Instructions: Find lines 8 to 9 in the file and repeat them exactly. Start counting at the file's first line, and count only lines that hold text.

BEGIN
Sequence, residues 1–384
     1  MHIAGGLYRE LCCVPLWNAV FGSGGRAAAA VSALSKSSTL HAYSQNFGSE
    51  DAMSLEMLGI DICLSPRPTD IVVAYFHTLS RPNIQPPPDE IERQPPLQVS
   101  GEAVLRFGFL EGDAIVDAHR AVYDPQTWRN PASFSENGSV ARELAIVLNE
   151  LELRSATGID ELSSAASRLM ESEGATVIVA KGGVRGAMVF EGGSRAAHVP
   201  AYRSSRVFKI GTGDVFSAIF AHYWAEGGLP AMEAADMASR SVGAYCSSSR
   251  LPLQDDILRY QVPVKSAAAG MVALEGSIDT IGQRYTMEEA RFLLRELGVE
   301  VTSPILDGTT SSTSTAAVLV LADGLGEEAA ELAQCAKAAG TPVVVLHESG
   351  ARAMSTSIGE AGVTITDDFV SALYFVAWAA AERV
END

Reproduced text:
   301  VTSPILDGTT SSTSTAAVLV LADGLGEEAA ELAQCAKAAG TPVVVLHESG
   351  ARAMSTSIGE AGVTITDDFV SALYFVAWAA AERV